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I need to step-up a clock signal of 8 MHz from 3.3V to 5V, I was wondering if this type of level shifter would work :

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The BSD840N as rise and fall time fast enough for my application but I'm not sure I'm thinking this the way it should be thought. Is it correct to assume it will work in such a setup ?

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The rising edges of your signal will be slowed down by the RC filter formed by the pullup and any parasitic capacitances in your circuit. Assuming those are 10 pF, you get a time constant of 100 ns, which is way too slow for an 8 MHz square wave.

You could try to build a level shifter that actively drives both low and high signals with multiple FETs, but it would be easier to just use a level-shifting logic chip. There are level shifters with two supply voltages (e.g., 74LVC1T45), but 3.3 V signals are TTL compatible, so you can use any 5 V buffer with a TTL-compatible input, such as the (SN)74AHCT1G125/MC74VHC1GT125/TC7SET125.

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  • \$\begingroup\$ How would you choose a 5V buffer (TTL compatible) ? How do I know it's fast enough ? \$\endgroup\$ – GmodCake Feb 20 '17 at 14:31
  • \$\begingroup\$ Look into the datasheet. But that would be a different question. \$\endgroup\$ – CL. Feb 20 '17 at 14:32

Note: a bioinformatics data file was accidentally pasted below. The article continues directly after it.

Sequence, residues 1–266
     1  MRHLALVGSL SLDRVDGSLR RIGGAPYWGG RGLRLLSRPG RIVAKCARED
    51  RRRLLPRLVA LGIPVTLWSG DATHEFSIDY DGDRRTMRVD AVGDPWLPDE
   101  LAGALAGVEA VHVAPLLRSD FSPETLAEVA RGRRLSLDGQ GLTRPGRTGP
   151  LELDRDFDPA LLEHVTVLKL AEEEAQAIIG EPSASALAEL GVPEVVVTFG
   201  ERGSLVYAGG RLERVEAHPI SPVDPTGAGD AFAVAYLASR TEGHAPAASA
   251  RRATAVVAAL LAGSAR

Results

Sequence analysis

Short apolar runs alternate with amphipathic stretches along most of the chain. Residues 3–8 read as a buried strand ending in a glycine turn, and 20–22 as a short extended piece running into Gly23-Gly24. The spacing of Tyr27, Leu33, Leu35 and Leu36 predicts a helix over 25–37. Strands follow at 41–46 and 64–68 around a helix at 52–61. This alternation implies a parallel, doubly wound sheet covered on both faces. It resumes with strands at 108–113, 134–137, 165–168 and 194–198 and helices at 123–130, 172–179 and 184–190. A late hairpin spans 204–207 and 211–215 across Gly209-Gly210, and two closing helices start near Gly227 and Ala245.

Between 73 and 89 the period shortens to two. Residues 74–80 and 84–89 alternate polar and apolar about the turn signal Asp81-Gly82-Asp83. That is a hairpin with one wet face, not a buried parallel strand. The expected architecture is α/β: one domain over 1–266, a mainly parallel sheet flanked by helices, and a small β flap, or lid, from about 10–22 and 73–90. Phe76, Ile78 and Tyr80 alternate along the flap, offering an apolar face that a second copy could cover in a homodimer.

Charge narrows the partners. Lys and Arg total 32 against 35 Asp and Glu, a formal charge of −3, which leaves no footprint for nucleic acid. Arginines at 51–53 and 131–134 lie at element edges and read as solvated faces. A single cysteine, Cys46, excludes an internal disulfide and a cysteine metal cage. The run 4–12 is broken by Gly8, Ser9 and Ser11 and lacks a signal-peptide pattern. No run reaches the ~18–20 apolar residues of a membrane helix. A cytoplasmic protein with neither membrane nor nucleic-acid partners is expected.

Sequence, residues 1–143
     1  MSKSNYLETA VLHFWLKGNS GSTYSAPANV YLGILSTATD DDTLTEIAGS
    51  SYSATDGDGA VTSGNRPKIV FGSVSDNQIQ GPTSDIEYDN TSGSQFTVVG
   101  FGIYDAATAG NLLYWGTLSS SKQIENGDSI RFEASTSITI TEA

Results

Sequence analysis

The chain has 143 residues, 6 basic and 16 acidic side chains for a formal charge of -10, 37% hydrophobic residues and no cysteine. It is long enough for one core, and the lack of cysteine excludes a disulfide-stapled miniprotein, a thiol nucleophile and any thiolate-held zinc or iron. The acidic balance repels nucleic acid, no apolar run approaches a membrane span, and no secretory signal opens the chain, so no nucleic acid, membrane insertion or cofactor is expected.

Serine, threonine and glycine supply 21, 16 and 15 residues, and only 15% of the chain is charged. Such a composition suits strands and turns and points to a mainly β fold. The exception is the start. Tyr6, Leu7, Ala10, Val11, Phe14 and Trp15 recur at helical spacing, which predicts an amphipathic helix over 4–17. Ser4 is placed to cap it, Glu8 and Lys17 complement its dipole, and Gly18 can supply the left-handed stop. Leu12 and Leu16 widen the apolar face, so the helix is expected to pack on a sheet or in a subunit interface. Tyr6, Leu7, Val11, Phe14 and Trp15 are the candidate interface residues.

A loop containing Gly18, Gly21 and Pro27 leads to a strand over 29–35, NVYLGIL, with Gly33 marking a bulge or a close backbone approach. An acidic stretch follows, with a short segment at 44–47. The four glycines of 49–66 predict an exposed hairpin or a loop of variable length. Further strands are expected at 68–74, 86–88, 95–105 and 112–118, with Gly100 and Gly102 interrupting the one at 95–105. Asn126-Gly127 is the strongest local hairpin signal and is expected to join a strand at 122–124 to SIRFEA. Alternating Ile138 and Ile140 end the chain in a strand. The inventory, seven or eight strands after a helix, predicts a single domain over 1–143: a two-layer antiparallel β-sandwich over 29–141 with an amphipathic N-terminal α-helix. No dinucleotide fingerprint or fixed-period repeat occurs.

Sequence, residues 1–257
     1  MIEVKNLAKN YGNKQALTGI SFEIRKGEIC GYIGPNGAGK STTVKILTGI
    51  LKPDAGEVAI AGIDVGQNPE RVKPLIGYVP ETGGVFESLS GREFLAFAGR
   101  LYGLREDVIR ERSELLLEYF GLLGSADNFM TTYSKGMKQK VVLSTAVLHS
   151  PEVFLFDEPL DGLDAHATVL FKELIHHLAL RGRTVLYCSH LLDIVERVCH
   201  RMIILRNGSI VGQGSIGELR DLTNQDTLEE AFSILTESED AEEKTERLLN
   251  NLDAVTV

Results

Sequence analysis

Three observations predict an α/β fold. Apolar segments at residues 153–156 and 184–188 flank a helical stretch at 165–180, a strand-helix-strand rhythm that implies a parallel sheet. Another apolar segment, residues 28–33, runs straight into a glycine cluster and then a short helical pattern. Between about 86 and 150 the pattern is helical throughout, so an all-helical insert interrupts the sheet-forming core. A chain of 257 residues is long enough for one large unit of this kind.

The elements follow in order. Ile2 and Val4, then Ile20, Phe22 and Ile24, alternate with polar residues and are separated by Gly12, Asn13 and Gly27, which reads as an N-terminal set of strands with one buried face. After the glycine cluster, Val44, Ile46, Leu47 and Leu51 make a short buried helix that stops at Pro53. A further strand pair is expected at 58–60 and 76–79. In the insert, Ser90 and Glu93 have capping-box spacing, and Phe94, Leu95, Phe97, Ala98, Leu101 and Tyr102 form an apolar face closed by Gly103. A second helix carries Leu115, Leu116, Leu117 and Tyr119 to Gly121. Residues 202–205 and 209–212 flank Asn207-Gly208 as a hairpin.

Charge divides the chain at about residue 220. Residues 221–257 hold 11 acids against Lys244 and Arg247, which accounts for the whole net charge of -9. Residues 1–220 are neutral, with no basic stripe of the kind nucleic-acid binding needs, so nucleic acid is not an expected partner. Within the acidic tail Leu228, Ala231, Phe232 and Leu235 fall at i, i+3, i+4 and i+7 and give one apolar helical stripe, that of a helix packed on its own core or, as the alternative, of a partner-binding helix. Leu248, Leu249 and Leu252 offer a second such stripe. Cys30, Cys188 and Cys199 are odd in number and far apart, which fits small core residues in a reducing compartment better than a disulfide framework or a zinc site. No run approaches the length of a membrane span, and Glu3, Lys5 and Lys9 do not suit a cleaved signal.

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For a healthy 8MHz clock, presumably swinging 0V to 5V, you'll need at least the 3rd harmonic and maybe the 5th harmonic, thus 40MHz frequency response. Invert 40Mhz to get 25nanoSec period, then reduce by 6.28 to 4nanoSecond. That value, 4 nanoSec, is the Drain R*C timeconstant for a healthy signal.

There are Power MOSFET driver ICs that will do this, needing no resistors.

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I need to step-up a clock signal of 8 MHz from 3.3V to 5V

There's a good chance that you don't need to do anything. Most devices are TTL level compatible and this means anything over 2 volts is guaranteed to be regarded as a logical 1 and anything below 0.8 volts is regarded as logical 0.

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Should your 5 volt input device be a schmitt trigger then some adjustment is called for. At 5 volts, the nominal schmitt trigger thresholds are 3.5 volts and 1.5 volts and, as you can see, this implies a signal amplitude greater than 2 volts peak-to-peak. In this case, capacitively couple the clock to a potential divider that sets the DC level at 2.5 volts. Now the clock will rise up to 4.15 volts and down to 0.85 volts.

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